MA-Cs and medication assistants can administer COVID-19 vaccines. Any COVID-19 vaccine issued under an Emergency Use Authorization (EUA) or fully approved by the Food and Drug Administration (FDA) is not an experimental drug within the meaning of the laws prohibiting MA-Cs and medication assistants from administering experimental drugs. See the Providers Authorized to Administer and Order Vaccines (PDF) chart for other health care professions that are authorized to administer COVID-19 vaccines.
For more information, see these laws:
- What are the requirements for people administering vaccine on tribal lands?
The current legal requirements governing health care practice by tribal program representatives or staff on tribal lands applies to the administration of COVID-19 vaccines. Any tribal program representative or staff who is currently authorized to administer vaccine on tribal land may also administer COVID-19 vaccines for which the Food and Drug Administration (FDA) has issued an Emergency Use Authorizations (EUA) or full FDA licensure.
- Is there special training needed to administer the COVID-19 vaccine?
The Centers for Disease Control and Prevention (CDC) has several training programs related to vaccine administration. You can use this list of COVID-19 vaccination training programs and reference materials (PDF) to help you prepare for administering the vaccine. The list includes:
- COVID-19 Vaccine Training Module
- You Call the Shots web-based training course
- Vaccine Storage and Handling toolkit, includes a new COVID-19 Vaccine Addendum
- Epidemiology and Prevention of Vaccine-Preventable Diseases
- Resources for COVID-19 Vaccine Conversations with Patients
- Are there special precautions for preparation of the vaccine?
It is critical to prepare the vaccine correctly to maintain the integrity of the vaccine and protect against contamination. You should use aseptic technique, including the use of a separate needle and syringe for each dose.
- Should we ask for proof of citizenship or a social security number before administering the vaccine?
No, you do not need to ask for proof of citizenship or a social security number from anyone getting the COVID-19 vaccine. If you do ask, vaccine patients do not need and are not required to provide this information.
Regardless of citizenship or immigration status, all eligible people should get vaccinated.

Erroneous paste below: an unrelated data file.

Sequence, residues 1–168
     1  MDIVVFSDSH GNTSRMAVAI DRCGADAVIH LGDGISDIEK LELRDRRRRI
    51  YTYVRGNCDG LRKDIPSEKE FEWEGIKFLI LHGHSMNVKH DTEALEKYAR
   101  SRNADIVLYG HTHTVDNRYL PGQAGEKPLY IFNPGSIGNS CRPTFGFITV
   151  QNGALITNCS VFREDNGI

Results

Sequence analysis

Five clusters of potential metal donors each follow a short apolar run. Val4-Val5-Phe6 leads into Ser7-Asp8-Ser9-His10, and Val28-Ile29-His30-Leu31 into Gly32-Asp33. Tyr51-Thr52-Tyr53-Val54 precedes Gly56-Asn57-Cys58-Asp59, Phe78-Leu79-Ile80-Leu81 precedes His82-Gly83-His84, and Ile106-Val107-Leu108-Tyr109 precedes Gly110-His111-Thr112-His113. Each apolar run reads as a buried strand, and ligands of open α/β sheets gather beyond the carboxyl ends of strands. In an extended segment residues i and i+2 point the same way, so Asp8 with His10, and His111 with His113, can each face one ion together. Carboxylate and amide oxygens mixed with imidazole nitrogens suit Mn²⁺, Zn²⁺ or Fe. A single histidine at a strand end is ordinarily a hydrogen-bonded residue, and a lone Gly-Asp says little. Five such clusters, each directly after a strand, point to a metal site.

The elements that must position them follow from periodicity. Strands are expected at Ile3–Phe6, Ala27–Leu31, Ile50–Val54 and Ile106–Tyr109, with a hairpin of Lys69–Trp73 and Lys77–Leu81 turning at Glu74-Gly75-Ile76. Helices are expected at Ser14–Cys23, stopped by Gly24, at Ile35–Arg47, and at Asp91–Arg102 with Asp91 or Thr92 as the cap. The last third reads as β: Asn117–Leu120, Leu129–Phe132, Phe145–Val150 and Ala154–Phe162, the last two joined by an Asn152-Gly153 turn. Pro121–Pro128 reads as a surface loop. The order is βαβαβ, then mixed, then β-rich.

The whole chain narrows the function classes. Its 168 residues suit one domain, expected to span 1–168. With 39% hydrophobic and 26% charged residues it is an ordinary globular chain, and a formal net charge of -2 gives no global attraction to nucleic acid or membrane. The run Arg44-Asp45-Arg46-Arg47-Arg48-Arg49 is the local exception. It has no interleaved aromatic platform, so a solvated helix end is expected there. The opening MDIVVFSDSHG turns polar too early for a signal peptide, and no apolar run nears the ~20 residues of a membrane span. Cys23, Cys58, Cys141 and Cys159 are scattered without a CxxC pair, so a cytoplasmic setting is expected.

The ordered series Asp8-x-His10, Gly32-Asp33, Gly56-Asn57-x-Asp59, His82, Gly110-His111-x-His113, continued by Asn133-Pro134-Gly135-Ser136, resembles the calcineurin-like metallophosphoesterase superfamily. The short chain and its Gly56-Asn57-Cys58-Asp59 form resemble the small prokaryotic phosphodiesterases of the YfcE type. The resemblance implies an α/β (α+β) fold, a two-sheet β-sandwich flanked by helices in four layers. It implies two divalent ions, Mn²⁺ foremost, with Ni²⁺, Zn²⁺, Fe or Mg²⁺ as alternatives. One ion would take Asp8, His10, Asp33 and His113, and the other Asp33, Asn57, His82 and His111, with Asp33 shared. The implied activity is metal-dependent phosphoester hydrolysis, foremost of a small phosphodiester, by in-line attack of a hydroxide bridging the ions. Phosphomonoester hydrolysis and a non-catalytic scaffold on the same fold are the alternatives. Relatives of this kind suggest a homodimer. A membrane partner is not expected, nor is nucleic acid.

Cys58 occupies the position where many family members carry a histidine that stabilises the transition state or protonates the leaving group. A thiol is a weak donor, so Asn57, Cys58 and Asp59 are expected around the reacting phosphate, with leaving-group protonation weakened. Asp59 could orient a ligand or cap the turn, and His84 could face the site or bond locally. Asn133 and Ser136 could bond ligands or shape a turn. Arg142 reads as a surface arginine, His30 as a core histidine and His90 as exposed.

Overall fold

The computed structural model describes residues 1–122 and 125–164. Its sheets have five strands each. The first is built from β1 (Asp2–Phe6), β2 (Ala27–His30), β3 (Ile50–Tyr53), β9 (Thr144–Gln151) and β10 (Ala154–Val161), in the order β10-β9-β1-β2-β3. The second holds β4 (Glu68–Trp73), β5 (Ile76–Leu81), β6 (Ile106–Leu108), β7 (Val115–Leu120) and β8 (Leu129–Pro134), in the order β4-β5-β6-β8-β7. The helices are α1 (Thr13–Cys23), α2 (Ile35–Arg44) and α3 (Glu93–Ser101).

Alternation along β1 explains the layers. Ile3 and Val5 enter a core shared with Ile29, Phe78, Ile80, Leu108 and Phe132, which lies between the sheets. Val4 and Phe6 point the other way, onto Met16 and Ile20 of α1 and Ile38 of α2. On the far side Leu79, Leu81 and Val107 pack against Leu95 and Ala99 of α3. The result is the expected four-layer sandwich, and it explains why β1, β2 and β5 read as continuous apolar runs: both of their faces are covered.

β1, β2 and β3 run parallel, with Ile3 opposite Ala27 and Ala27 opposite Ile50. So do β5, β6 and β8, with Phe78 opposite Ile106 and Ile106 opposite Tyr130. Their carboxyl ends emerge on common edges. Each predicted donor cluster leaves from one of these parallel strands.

- Do we need to get written consent before administering the vaccine?
Washington does not require written consent for vaccination. However, the Centers for Disease Control and Prevention (CDC) recommends completing and documenting a pre-vaccination health screening (PDF) (Additional languages). If your organization would like to collect written consent, the Washington State Hospital Association has a patient acknowledgement template available on their website.
- Do I need to get consent from an authorized adult to vaccinate people under age 18?
Yes. People under age 18 may need consent from an authorized adult to get the vaccine, unless they are legally emancipated. If you have questions about what you can accept as parental consent, please consult your legal counsel. If your office or organization already has guidance on this for other vaccines, you may wish to consult those as well. You can use this sample consent for minor vaccination as a starting point.
Currently, the Food and Drug Administration (FDA) has authorized only the Pfizer-BioNTech vaccine for people ages 5 and over. FDA approved Pfizer-BioNTech for everyone 16 years and older.
- Do we need to observe patients after vaccination?
Yes, the Advisory Committee on Immunization Practices recommends that providers observe patients for at least 15 minutes after receiving the vaccine to monitor for an allergic reaction. Patients with a history of anaphylaxis should be observed for 30 minutes. You should have emergency supplies and medications available. See recommendations from the Centers for Disease Control and Prevention (CDC) for managing anaphylaxis at vaccination sites.